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Volunteerism roots direct Howard’s corporate culture

BY David Medina
Special to the Hartford Business Journal

9/16/2016
PHOTO | Steve Laschever
PHOTO | Steve Laschever
Chandler Howard
Volunteerism is serious business to Chandler Howard, the president and CEO of Liberty Bank.

One of seven children who grew up in a housing project on the Stratford/Bridgeport border, Howard literally got to where he is today through volunteer work and has made volunteering a central component of Liberty Bank's culture.

"It was just part of what we did growing up," he says. "All of it was my mother's influence."

At the height of the Vietnam War, Howard, then 17 and barely out of high school, talked his father into letting him enlist in the Army. He served three years as a helicopter "door gunner" helping to insert and extract troops from combat zones.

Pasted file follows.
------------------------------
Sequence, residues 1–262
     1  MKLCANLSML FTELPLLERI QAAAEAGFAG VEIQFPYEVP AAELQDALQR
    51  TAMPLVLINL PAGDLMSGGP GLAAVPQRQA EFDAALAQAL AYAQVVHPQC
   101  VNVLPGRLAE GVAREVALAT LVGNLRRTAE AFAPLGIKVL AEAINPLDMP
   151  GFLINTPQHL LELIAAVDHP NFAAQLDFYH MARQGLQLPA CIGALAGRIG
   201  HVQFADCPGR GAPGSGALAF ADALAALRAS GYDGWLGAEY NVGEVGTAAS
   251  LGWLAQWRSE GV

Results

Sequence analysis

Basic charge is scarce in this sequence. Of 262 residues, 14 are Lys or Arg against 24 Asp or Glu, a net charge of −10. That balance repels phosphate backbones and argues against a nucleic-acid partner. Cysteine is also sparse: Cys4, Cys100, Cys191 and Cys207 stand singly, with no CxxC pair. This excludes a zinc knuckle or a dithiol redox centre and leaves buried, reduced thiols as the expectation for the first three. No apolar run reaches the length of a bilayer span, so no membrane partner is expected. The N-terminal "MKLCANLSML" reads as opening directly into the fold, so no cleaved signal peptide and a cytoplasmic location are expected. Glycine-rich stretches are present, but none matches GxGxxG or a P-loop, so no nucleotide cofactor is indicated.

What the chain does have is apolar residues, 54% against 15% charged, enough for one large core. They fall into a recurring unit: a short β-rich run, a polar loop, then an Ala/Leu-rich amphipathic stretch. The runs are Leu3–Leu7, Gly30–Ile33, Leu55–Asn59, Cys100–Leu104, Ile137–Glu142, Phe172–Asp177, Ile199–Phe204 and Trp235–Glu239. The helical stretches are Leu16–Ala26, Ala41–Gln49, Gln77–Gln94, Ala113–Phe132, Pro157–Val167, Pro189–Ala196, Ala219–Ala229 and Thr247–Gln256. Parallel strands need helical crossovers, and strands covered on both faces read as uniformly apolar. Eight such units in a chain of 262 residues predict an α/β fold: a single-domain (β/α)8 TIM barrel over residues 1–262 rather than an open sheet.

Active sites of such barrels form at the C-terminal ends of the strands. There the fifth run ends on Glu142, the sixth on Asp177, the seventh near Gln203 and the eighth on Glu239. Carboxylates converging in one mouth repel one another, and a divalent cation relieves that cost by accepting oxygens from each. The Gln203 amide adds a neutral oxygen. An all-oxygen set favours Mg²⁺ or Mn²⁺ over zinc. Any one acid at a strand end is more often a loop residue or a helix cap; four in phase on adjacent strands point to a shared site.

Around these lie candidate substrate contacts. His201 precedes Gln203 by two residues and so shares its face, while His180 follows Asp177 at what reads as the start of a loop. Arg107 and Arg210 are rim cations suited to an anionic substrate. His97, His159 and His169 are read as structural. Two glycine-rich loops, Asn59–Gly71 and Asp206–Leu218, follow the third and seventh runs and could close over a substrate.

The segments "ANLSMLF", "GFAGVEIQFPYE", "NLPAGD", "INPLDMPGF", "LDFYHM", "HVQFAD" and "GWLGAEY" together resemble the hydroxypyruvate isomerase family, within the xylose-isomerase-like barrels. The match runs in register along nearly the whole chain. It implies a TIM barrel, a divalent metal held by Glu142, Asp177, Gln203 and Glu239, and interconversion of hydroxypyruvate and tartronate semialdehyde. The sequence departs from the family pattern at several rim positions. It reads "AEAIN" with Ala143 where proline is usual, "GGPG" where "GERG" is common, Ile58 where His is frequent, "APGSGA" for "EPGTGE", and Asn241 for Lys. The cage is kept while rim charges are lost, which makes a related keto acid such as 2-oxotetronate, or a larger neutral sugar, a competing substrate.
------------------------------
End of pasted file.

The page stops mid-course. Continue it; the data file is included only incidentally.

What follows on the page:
"I did a lot of growing up in a very short time," he said. "But there was a tremendous amount of structure in the military and it exposed me to all kinds of people that I would not have met otherwise."

Howard returned home from the war to discover that he was among society's least employable people.

"I was 20. I had no college. I was African American, a Vietnam veteran and the economy was bad."

So, following family tradition, he volunteered to work for the American Cancer Society by day and ran a free, one-man counseling center for returning veterans at night. Hurricane Agnes, the most destructive storm in U.S. history struck shortly afterward and the Red Cross sent Howard to assist with rescue efforts in Scranton, Penn., for two months. Upon his return, he was named Red Cross' Volunteer of the Year.